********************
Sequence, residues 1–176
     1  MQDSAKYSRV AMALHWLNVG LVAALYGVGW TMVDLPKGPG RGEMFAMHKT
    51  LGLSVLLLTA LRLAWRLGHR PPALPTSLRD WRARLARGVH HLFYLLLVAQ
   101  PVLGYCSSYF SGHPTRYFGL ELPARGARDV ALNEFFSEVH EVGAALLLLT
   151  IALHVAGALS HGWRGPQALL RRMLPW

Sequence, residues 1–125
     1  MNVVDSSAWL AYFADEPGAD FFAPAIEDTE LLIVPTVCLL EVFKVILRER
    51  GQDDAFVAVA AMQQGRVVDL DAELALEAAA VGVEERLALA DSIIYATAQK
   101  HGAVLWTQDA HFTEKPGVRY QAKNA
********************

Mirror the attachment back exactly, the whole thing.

Sequence, residues 1–176
     1  MQDSAKYSRV AMALHWLNVG LVAALYGVGW TMVDLPKGPG RGEMFAMHKT
    51  LGLSVLLLTA LRLAWRLGHR PPALPTSLRD WRARLARGVH HLFYLLLVAQ
   101  PVLGYCSSYF SGHPTRYFGL ELPARGARDV ALNEFFSEVH EVGAALLLLT
   151  IALHVAGALS HGWRGPQALL RRMLPW

Sequence, residues 1–125
     1  MNVVDSSAWL AYFADEPGAD FFAPAIEDTE LLIVPTVCLL EVFKVILRER
    51  GQDDAFVAVA AMQQGRVVDL DAELALEAAA VGVEERLALA DSIIYATAQK
   101  HGAVLWTQDA HFTEKPGVRY QAKNA